Business Briefs

Low tariffs could trigger load shedding: ZESA

Already, suppliers of coal are threatening to stop supplies owing to incapacitation caused by the Zimbabwe Power Company (ZPC), a subsidiary of ZESA. Added to this, is a huge water bill from the Zambezi Water Authority.

Because of sub-economic tariffs, the power utility can neither service nor buy boilers, transformers and secure oils and chemicals that should all be paid for in US dollars.

Last year, the Government took a decision to implement a tariff indexation formula that would align Zesa tariffs to movements caused by inflation and the exchange rate.

The reason for the move by the Government was to obtain cost reflectivity in the supply of electricity and maintenance of value of tariffs that would ensure viability and sustainability of the power supply utility.

In order to maintain cost reflectivity, tariffs were supposed to be reviewed and adjusted periodically each time the reference indexation combination of inflation and exchange rate increased by more than 10 percent.

However, that has not been carried out since March, a situation that could result in load shedding as the power utility struggles to pay for imports as well as servicing and buying equipment that requires foreign currency, sources in the energy sector said.

“Adjustments were not done since April 2020 despite a Cabinet approval to that effect, hence a massive erosion in the value of the tariffs. The current tariff level has fallen from 10.63 US cents achieved in October 2019 at the time of the approval of the indexation to 2.33 US cents per kWh as of September 2020. The ideal tariff full cost necessary is supposed to be 12.44 US cents,” insiders in the energy sector said.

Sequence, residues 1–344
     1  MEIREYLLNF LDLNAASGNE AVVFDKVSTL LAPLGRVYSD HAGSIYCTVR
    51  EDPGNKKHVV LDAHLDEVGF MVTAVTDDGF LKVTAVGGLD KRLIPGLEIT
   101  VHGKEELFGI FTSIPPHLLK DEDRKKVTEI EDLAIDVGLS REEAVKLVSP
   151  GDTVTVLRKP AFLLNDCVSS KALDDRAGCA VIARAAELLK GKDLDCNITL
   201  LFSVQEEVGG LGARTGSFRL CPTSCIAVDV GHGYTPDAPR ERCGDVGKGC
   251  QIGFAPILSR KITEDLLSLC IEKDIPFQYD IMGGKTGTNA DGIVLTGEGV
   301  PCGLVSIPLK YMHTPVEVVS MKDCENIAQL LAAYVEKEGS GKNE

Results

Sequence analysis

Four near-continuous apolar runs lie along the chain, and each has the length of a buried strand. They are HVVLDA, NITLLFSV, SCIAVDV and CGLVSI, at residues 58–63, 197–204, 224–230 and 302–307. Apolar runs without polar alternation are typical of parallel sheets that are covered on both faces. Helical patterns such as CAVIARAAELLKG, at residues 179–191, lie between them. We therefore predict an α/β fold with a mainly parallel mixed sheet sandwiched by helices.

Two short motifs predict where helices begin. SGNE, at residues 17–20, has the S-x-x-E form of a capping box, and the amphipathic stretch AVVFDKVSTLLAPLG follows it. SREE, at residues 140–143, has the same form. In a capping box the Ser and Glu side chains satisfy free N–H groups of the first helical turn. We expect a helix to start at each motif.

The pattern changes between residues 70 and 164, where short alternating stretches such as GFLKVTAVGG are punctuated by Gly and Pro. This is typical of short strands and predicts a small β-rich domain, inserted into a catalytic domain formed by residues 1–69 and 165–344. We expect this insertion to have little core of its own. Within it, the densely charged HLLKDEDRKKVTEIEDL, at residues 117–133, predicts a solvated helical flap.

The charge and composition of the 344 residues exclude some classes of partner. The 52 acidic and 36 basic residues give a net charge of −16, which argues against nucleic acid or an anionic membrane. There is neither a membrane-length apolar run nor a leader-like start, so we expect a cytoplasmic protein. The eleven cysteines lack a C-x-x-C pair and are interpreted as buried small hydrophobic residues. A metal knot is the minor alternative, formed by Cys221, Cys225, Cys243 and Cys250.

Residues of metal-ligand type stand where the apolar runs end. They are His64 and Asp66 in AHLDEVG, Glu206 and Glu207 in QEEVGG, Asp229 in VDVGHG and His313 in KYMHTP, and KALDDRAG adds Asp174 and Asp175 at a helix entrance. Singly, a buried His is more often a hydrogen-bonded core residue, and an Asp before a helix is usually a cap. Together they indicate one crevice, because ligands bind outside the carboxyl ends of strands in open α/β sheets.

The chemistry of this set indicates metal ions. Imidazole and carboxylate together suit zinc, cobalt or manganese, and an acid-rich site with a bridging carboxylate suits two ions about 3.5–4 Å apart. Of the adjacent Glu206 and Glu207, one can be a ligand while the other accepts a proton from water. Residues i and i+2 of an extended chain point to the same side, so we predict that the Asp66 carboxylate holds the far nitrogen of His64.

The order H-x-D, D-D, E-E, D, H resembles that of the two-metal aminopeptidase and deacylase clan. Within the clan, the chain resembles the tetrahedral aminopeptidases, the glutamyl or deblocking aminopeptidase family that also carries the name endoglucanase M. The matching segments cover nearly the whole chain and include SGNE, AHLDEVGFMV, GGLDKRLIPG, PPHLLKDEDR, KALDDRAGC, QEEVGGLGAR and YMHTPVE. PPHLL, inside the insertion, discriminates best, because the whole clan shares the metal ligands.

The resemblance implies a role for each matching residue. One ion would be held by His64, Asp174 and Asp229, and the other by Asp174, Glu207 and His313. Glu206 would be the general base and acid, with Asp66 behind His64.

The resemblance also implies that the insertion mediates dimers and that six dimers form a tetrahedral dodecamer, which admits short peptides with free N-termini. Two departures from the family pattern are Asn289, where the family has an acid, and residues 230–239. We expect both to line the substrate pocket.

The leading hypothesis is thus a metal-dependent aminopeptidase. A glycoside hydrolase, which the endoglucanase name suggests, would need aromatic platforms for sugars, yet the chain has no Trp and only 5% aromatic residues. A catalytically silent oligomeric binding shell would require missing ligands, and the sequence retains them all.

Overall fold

Energy and Power Development Minister Hon Soda Zhemu said it is clear there is incapacitation within the power utility.

So low is the cost of electricity that it is actually more expensive to use firewood, LP gas or paraffin, something that experts say could plunge the power utility into debt and constrain it from importing power from the region.

The average cost for cooking two meals a day for a month is; electricity — $83.90, paraffin — $2 728.50, firewood — $2 400, LP gas — $780.

More — The Herald

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